Republican legislators in Michigan are demanding respect for the democratic process after Trump’s accusation of voter fraud.


Several Michigan Republican legislators have urged voters to respect the Democratic process while saying that all votes must be counted, as President Donald Trump has claimed “voter fraud” and argued to “stop” the counting of ballots.

Democratic presidential candidate Joe Biden leads Trump in Michigan by 2.7 percent, or about 146,000 votes, after counting the ballots. Trump has claimed without any reason that the former vice president won the state by fraud. The president’s supporters protested in Detroit and on Wednesday called for the counting of votes to be stopped after Trump’s campaign issued a statement calling for the trial to be stopped.

“Quite simply, all Michigan ballots received by the deadline for the vote must be openly and accurately counted. Period. If there are irregularities, show the evidence and investigate. I have not heard from any clerk in my district that there have been irregularities in the process,” said Representative Fred Upton, a Republican representing Michigan’s fourth district, in a statement sent to Washington Newsday in an e-mail on Friday. “The democratic process and the voices of the American people must be respected.

Representative Paul Mitchell, a Republican representing Michigan’s 10th district, shared a similar message in a Twitter post on Thursday.

“Every legal vote should and will be counted-as it is always counted. Where there are problems, there are ways to solve them. If someone has evidence of wrongdoing, it should be presented and resolved. Anything else damages the integrity of our elections and is dangerous to our democracy,” wrote Mitchell. The GOP Congressman did not seek re-election after announcing his resignation from Congress in July 2019.

“A legally cast vote does not become ‘illegal’ just because a candidate does not like the vote – let’s remember that this is AMERICA,” Mitchell tweeted on Friday.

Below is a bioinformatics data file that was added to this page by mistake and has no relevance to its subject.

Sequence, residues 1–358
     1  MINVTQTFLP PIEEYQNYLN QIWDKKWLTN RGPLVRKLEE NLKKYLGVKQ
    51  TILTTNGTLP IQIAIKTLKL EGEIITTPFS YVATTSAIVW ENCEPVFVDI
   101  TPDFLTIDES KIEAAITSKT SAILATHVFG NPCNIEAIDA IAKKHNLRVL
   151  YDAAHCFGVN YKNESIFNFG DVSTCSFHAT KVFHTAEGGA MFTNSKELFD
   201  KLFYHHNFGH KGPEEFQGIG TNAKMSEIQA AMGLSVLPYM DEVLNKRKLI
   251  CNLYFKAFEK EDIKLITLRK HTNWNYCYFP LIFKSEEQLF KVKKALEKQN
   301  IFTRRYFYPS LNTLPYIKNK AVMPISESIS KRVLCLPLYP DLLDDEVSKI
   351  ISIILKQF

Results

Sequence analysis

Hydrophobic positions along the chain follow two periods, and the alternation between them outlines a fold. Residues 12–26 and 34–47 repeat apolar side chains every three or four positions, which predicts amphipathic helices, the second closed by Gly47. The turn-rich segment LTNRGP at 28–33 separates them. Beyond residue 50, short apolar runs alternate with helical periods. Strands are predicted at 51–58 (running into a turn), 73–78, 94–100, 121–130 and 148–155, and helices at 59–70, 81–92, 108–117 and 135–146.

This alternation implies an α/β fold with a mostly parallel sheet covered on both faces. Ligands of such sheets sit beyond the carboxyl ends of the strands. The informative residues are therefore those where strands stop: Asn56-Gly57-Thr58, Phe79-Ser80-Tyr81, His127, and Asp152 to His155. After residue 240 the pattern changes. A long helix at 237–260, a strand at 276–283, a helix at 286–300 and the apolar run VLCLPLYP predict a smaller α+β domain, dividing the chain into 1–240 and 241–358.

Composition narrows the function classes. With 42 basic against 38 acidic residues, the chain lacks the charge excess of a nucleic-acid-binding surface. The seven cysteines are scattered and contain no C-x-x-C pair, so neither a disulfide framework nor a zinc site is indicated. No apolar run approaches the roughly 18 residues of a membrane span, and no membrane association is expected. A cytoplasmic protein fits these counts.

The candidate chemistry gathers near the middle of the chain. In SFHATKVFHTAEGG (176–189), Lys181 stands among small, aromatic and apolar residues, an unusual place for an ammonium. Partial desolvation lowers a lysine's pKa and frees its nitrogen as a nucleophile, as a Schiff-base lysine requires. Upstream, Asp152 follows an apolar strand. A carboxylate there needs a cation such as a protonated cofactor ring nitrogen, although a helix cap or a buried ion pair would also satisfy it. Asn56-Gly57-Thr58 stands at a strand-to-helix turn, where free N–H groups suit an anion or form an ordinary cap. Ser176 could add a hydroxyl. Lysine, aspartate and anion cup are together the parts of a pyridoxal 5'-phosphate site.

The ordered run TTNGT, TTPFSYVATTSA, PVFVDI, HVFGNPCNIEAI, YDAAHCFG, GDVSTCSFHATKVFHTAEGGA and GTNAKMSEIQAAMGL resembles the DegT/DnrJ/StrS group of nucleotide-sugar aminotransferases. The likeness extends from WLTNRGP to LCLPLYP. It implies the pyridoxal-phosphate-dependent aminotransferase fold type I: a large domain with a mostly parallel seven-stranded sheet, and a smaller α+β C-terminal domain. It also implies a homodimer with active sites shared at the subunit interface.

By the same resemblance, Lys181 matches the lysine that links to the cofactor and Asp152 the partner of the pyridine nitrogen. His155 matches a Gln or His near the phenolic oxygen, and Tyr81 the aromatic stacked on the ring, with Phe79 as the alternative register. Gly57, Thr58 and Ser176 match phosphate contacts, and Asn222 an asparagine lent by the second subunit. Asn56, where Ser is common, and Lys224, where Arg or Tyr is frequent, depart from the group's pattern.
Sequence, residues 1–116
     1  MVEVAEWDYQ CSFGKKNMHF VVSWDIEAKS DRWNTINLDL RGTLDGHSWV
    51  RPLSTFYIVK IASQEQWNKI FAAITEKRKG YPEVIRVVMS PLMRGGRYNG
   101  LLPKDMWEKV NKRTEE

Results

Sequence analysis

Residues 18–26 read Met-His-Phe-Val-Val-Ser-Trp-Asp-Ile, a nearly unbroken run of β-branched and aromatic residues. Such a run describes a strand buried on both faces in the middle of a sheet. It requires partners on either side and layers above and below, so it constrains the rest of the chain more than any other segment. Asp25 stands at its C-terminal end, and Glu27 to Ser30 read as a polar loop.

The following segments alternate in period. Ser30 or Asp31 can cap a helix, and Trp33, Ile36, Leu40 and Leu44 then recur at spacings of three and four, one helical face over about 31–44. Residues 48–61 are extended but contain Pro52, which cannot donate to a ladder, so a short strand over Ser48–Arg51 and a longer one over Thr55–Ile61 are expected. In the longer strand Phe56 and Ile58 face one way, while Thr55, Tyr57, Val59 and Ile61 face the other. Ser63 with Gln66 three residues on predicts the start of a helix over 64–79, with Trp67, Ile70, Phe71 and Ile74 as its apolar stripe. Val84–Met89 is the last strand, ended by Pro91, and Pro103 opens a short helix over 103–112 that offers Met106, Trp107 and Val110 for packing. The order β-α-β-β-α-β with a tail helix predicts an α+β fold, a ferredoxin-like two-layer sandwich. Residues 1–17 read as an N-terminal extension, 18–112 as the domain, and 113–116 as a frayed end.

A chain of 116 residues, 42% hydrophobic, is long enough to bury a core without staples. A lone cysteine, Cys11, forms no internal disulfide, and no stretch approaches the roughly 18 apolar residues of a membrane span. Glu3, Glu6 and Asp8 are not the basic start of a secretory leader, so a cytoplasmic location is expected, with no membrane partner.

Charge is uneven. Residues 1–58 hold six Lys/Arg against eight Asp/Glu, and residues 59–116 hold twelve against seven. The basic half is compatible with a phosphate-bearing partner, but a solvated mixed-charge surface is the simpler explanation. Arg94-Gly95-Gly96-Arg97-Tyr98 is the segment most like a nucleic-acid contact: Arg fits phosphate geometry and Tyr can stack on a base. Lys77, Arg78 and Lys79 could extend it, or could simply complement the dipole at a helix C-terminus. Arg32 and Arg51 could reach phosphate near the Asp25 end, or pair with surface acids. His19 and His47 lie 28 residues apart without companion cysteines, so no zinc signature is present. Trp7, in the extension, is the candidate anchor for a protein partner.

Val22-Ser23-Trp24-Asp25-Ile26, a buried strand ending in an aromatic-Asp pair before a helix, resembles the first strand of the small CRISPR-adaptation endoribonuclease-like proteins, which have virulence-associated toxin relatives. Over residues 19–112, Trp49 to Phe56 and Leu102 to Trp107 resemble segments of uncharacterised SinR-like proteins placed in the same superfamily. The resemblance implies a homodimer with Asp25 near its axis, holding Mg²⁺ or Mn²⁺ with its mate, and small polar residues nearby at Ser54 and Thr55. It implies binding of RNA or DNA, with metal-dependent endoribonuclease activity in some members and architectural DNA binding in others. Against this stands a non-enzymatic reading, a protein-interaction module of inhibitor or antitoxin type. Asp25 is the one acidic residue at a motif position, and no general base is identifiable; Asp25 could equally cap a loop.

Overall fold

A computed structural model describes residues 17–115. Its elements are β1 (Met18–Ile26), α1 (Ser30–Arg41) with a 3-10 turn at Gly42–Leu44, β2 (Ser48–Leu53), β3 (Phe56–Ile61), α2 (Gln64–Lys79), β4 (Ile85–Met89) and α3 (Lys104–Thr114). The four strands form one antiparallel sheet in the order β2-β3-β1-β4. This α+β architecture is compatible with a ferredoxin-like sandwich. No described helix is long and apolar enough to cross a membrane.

Congressman-elect Peter Meijer, a Republican for Michigan’s 3rd district, said voters should trust the counting process. The Congressman-designate will occupy the seat of Congressman Justin Amash, an independent who left the Republican Party due to persistent disagreements with Trump and his GOP colleagues. Amash has not sought re-election.

“We have often seen in close races that it comes down to (a delayed count), and that is not a failure of the process, that is the functioning of the process…. It is incredibly important that all Americans have confidence in the electoral system,” Meijer told MLive in a statement.

Washington Newsday turned to Mitchell and Meijer for further comment, but they did not respond immediately.

Amash, who now identifies himself as a Libertarian, also criticized Trump in a Twitter post on Thursday. “Half-truths and deliberate ambiguity are two hallmarks of the Trump presidency,” wrote the Congressman.

Voter fraud at the level Trump claims would be almost impossible to successfully enforce. Since Biden Trump leads with about 146,000 votes, this would mean that Democratic officials somehow submitted ballots on behalf of tens of thousands of people who used their social security numbers, ID numbers and signatures without their consent. Such a conspiracy could easily be discovered by municipal and district officials who check and receive the absentee ballots.

Several studies have shown that election fraud is incredibly rare in the United States. Research from the Brennan Center for Justice at New York University School of Law found that the incidence rate of election fraud in the U.S. ranged from 0.00004 percent to 0.0009 percent, which is statistically about zero. A further analysis by Justin Levitt, Professor of Law at Loyola Law School, revealed only 31 incidents of voter fraud nationwide between 2000 and 2014, even though around 1 billion ballots were cast.

Michigan has historically been a blue flag for the Democrats in presidential elections, with Trump’s narrow victory in 2016 in Midwestern state being the most recent exception. Trump carried the state by less than 11,000 votes or a lead of only 0.2 percentage points in the last presidential election. The victory of the president in Michigan came after Democratic presidential candidates won the state in all presidential elections since 1992.


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